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Journal Article

Citation

Fenimore DM. Appl. Geogr. 2019; 109: e102034.

Copyright

(Copyright © 2019, Elsevier Publishing)

DOI

10.1016/j.apgeog.2019.06.002

PMID

unavailable

Abstract

Recent attention to the use of harm indices to weight crime counts in mapping analysis has led to the development of "harm spot" maps. Early studies have shown that harm spots (i.e., clusters of harm-weighted crimes) follow geographic patterns similar to (unweighted crime) hot spots, although harm spots have been found to be moderately more spatially concentrated than hot spots. This research explores how the spatial distribution of harm spots using police-recorded crime data for Washington, DC differs from raw unweighted crime. The results suggest harm spots are diffused away from the city center into more residential areas. However, this is largely an effect of the distribution of violent crime, rather than the distribution of property crime. This implies opportunities for more serious offenses could be higher in residential areas, or areas further from where most crime typically occurs, and that different social ecological processes underlie the spatial distribution of more - versus less - serious crime. Implications for theory, policy, and research are discussed.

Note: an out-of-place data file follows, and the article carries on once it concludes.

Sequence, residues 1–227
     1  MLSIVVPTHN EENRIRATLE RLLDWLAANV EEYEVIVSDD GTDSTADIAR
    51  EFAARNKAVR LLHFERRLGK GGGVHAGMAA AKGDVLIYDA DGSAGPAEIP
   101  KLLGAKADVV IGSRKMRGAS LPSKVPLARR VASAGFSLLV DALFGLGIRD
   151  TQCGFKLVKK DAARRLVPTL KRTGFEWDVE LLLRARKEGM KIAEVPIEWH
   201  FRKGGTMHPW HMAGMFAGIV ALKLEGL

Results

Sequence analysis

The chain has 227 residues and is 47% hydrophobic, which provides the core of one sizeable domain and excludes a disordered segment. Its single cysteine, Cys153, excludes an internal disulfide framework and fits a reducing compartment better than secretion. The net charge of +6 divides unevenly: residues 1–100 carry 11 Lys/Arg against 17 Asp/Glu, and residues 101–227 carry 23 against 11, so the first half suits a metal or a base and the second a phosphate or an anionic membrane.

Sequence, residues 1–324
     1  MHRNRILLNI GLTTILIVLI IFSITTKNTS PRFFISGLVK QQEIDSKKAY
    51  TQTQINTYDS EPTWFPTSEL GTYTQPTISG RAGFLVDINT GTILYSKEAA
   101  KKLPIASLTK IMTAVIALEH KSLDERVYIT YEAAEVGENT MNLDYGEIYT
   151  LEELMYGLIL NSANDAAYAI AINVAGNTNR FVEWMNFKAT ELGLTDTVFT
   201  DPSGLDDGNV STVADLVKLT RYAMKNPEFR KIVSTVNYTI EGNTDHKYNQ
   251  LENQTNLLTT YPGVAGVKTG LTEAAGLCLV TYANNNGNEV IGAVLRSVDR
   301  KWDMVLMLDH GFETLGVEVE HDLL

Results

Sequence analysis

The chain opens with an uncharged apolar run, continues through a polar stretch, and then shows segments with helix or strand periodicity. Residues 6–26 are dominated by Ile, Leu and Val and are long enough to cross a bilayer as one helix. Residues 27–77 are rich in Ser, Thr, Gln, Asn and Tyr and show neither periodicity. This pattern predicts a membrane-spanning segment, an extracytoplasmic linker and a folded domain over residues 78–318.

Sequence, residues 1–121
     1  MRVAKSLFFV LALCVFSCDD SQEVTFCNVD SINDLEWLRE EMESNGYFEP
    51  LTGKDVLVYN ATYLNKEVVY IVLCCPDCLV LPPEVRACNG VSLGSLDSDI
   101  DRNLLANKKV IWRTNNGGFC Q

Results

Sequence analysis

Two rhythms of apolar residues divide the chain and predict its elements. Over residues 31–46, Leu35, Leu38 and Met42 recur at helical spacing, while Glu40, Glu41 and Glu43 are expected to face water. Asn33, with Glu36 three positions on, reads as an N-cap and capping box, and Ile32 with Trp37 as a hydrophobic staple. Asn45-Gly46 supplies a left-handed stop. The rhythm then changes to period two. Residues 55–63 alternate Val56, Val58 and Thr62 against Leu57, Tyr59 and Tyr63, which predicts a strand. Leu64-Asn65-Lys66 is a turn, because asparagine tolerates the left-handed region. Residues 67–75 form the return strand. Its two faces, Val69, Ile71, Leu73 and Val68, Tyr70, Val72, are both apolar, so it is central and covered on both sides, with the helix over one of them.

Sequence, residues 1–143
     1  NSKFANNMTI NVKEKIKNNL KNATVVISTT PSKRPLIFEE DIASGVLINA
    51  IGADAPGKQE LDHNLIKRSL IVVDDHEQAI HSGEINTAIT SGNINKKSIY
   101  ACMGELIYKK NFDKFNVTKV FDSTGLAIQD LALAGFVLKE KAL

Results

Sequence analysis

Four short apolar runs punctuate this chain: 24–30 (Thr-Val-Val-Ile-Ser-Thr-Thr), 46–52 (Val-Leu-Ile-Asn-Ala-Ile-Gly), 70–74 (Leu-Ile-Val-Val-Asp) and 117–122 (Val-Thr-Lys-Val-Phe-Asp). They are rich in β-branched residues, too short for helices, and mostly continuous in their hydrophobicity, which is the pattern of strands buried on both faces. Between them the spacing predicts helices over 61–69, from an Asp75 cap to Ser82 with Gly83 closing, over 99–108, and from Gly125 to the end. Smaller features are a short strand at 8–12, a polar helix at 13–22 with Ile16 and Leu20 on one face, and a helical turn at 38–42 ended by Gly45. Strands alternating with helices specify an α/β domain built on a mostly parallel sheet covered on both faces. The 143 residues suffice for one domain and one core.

Language: en

Keywords

Crime harm index; Harmspots; Kernel density estimation; Weighted density mapping

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